Technically, any real solid above 0 K also flows really slowly. In a crystal lattice, you get flaws - vacancies, dislocations and grain boundaries. At the right-hand tail of the energy distribution of the atoms in the solid, some will occasionally have enough energy to jump from a lattice site to a vacancy. This allows the solid to gradually change shape.
For high temperature applications, the slow flow of solids over time can become a problem, and is called creep. Gas turbine blades can elongate over their life by creep. Pure tungsten lightbulb filaments can creep under their own weight, which is one reason why the filaments also contain thorium oxide dispersions. Lead, which is a crystalline solid, creeps measureably at room temperature.
Now, as you lower the temperature, the creep rate becomes so small it’s immeasurable. But theoretically it’s still happening, even if it’s only a few dozen atoms per year. Same with the “flow” of glass. Extrapolating viscosity vs. temperature, you can claim that glass is flowing at room temperature if you want. But you’re not exactly going to be plugging that viscosity into a fluid dynamics equation and pumping room-temperature glass down a pipe!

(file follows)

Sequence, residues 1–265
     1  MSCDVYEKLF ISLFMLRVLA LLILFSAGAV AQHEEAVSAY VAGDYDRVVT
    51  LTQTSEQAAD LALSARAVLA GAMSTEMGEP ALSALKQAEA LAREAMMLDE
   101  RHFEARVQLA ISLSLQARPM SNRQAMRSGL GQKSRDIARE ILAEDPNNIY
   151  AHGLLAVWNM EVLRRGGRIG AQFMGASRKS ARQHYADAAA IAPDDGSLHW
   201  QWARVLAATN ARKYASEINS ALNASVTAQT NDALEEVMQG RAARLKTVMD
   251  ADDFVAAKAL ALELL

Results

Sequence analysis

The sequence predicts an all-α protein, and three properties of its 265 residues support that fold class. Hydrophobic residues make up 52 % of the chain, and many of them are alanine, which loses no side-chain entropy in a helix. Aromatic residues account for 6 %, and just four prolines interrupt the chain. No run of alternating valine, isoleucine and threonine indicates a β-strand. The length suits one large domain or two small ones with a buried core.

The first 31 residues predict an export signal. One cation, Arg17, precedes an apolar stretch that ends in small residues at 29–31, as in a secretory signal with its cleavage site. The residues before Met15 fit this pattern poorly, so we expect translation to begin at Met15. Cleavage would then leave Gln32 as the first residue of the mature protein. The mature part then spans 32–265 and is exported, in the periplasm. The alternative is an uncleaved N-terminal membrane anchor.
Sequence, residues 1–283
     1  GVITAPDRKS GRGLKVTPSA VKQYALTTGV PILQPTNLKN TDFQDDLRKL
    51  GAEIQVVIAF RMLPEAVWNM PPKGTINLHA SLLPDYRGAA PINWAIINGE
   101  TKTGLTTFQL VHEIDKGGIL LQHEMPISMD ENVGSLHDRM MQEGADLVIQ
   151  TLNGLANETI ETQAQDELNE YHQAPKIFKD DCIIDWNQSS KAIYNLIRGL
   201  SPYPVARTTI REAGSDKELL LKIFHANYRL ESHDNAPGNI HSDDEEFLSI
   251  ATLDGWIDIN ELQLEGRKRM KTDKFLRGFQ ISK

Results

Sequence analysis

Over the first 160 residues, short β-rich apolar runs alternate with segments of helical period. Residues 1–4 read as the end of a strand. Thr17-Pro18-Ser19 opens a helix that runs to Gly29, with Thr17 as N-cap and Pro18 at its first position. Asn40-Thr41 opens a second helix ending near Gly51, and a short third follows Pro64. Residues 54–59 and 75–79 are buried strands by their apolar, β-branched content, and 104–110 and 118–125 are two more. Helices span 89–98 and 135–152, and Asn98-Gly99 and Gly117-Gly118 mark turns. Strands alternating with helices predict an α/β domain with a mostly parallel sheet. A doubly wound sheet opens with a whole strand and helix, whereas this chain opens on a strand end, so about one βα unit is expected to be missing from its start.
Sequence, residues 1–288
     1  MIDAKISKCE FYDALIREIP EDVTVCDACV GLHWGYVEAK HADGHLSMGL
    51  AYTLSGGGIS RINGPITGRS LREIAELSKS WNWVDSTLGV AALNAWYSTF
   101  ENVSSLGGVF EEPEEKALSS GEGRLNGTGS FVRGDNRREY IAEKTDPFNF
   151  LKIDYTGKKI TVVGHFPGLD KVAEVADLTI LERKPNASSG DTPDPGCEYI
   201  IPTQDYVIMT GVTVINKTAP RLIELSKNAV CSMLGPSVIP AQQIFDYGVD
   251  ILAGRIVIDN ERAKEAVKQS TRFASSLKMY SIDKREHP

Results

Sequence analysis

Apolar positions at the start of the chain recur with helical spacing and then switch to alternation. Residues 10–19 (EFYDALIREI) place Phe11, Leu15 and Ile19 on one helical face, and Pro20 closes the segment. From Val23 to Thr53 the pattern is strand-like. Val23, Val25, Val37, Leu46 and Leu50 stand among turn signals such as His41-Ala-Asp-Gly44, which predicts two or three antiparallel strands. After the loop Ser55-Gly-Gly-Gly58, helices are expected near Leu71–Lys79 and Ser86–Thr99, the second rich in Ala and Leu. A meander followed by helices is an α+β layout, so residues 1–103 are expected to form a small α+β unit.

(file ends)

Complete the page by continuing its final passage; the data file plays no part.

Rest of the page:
I’ve only encountered the flow of solid rock in a geological sense, where it happens under very high hydrostatic pressure. In terms of flow, a liquid is a substance of fixed volume with zero shear strength, and a solid is a substance of fixed volume with non-zero shear strength. If you apply a pressure to a solid hundreds of times greater than its shear strength, the difference between zero shear strength and comparatively tiny shear strength becomes neglible and the solid will obey the hydrodynamic equations for liquids quite happily.
Bit of a sidetrack, but you may be family with the HEAT-type anti-tank round, or “shaped charge”. This uses an explosive block with a conical hollow cavity, lined with steel or copper. The explosion squeezes the liner like a lemon pip between the fingers, firing a “jet” that punches through the tank armour like a screwdriver through styrofoam.
What is interesting about the HEAT round is that the jet isn’t liquid metal - flash X-ray crystallography shows that it’s solid crystalline copper or steel, although under such huge pressure that it flows exactly as if it were liquid. Also interesting is that glass can function nicely as a cavity liner, a hollow glass cone happily squishing into a glass “carrot”.